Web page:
<em>Legally</em> <strong>Speaking</strong>


Thinking of suing? Consider these options
Jim Juliano - Fall 2006

You don’t have to race to the courthouse whenever a dispute seems unsolvable. Alternatives are available, and, in many cases, they present distinct advantages over traditional litigation.

Where state and federal courts were once the only choices for relief, the delay, risk and enormous expense of traditional litigation have led the legal profession to develop other paths to decisions. These alternatives are generally faster, less expensive and more private than the conventional courthouse route, and they can save taxpayer money.

Here are some of the choices:

  • TRADITIONAL LITIGATION. One party files a lawsuit against the other party in state or federal court, and a judge takes the case through the process of traditional discovery, pretrial motions and settlement or trial by jury or by the judge.

    Traditional litigation takes many months and sometimes years, especially if the case goes to trial and post-verdict appeal. Legal fees and other litigation costs escalate quickly, and the case may eventually lose its focus on the issues that the parties were fighting over in the first place.

    In many cases, for various reasons, traditional litigation may be the only option.
  • ARBITRATION. Arbitration has been common in the major leagues, where it is customarily used to set salaries for players. In both the major and minor leagues, it is often included in concession and vendor agreements. In the minors, it may also be present in labor agreements with unionized employees, such as parking attendants and ushers.

    In arbitration, by agreement of the parties, a neutral arbitrator decides the issues in a dispute. Arbitration was one of the earliest alternatives to traditional litigation and developed quickly as a favored method to resolve union and labor disputes.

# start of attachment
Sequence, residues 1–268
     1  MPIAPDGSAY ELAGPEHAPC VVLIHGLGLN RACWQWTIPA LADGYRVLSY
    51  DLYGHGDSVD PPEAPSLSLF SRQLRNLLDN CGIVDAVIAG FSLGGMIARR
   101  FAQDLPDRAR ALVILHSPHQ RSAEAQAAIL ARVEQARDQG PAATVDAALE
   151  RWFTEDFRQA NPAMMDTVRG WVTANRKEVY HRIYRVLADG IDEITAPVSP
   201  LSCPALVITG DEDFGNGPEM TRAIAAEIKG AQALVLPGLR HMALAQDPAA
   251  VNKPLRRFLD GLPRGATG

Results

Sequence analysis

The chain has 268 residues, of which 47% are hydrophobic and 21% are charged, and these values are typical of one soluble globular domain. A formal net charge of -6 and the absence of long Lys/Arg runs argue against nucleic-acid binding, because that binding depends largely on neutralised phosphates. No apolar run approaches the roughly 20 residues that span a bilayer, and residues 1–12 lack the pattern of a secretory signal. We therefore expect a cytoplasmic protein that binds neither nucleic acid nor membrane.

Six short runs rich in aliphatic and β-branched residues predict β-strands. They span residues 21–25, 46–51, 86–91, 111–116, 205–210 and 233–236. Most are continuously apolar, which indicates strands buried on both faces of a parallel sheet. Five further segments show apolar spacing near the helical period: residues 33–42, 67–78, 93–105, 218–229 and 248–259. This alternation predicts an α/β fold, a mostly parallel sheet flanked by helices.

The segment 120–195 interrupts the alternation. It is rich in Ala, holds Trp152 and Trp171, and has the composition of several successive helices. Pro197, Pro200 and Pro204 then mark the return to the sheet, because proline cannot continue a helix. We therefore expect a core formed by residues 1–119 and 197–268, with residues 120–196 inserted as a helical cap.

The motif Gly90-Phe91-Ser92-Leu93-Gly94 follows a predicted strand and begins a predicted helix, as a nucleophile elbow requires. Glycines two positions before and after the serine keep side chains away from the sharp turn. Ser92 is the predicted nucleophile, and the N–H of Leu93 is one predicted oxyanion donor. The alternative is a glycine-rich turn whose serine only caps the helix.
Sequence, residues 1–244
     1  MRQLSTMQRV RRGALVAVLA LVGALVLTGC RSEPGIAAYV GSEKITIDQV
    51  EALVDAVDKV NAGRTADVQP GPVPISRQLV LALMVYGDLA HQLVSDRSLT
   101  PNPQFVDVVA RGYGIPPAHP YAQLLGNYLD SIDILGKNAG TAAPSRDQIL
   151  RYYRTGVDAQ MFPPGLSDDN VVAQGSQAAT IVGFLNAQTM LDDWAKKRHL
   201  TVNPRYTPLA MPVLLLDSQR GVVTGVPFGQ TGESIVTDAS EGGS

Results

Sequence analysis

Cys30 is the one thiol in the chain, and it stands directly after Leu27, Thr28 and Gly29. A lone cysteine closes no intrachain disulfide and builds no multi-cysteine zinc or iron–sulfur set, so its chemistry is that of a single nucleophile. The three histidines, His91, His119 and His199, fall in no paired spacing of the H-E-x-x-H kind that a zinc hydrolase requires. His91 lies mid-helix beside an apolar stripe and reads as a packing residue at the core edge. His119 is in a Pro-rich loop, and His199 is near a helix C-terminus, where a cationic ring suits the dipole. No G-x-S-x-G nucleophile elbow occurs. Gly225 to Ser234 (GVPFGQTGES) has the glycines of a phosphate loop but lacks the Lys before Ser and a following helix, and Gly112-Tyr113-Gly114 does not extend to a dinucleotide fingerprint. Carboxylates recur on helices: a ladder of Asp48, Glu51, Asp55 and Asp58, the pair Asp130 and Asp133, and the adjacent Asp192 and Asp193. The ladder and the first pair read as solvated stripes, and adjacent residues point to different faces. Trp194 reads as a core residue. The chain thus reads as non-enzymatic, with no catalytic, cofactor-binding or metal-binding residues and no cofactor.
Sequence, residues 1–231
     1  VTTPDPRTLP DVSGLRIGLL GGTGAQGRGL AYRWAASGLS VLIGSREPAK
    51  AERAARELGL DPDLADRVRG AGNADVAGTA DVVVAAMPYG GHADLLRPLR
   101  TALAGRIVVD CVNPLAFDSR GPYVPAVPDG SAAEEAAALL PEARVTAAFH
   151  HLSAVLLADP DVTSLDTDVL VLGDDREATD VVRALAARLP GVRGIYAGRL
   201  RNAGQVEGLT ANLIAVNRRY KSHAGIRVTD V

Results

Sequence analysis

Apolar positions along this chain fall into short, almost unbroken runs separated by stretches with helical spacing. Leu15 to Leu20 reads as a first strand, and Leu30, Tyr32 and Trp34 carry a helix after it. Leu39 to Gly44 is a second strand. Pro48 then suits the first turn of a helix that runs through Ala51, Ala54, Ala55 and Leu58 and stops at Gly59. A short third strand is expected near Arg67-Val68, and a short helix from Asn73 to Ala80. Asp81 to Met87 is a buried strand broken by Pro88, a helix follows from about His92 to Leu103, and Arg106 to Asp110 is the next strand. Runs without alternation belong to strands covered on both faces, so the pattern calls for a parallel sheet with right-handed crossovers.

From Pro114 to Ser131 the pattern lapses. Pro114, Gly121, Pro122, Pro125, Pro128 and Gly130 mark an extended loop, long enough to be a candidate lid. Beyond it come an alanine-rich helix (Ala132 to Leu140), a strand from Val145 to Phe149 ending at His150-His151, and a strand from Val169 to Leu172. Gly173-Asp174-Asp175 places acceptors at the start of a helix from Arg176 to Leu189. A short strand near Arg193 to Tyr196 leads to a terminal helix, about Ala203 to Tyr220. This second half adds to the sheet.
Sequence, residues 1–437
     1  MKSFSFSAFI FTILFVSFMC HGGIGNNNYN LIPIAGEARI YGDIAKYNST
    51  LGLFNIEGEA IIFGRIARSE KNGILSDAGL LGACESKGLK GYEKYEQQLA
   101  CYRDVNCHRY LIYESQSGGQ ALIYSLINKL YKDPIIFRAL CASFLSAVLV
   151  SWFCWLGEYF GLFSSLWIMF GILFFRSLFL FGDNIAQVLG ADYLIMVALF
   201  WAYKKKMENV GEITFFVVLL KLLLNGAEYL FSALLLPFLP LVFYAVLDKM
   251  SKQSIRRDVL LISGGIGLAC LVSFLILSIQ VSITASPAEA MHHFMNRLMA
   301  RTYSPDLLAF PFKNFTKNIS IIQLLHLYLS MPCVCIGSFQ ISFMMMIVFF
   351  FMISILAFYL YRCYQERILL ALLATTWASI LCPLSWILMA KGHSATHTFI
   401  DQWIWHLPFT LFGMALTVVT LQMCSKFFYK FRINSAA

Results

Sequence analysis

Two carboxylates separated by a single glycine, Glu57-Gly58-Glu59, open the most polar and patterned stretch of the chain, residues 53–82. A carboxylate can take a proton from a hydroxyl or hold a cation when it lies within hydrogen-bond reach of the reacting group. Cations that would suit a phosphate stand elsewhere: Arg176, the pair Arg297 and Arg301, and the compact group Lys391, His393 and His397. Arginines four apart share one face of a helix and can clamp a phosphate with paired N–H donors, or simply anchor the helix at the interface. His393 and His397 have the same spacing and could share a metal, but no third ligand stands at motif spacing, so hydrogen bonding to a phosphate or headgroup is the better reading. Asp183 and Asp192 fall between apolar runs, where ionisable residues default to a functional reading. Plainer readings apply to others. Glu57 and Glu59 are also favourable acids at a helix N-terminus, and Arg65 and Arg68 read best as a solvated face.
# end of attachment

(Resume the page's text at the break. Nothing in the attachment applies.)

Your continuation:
Arbitration may be binding or nonbinding. If binding, the arbitrator’s word is final. There is no appeal to a court unless the arbitrator exceeds his or her authority under the arbitration agreement or another serious problem arises with the process itself. If nonbinding, the parties have appeal options.

    Arbitration usually involves one arbitrator, but in some arbitration agreements a three-arbitrator panel is required.

  • MEDIATION. Also by agreement of the parties, a neutral mediator assists the parties in negotiating a settlement. The main difference between a mediator and an arbitrator is that the mediator has no power to decide the case; instead, he or she works to bring the parties together for an agreement. If the parties do not reach agreement, the mediator’s job is over, and the parties must resolve their dispute in some other way.

    An advantage of mediation is that it allows the parties more control over the outcome of their case. Although mediation is not new, it has been more popular within the past five years as the court dockets lengthen and litigation expenses increase.

  • PRIVATE JUDGES. Hiring a private judge is a fairly new process. Not all states permit this approach. In Ohio, the legislature adopted a statute that allows parties to agree to hire a retired judge and to vest that judge with the same powers and jurisdiction as an elected judge in traditional litigation. The private judge has the power to make final decisions, subject to traditional appeal.

    A private judge will charge a fee, so the private judge will be more costly than a publicly employed judge. On the other hand, the efficiency of the overall process, including the time it takes for resolving the issue, the legal fees and the expenses, may make up for the judge’s fee. In addition, although the basic pleadings and judgment appear on the public docket, the details of the case are more easily kept out of the public eye. This point is often attractive to divorce litigants.

All legal disputes have the potential of great cost, risk and delay, but more parties are looking at alternatives to settle their cases efficiently.



This website contains general information that should not be considered legal advice or legal opinion concerning individual situations. Legal counsel should be consulted for specific advice.

Copyright 2006 by L. James Juliano Jr.
Legally Speaking® is a registered trademark of the law practice of L. James Juliano Jr.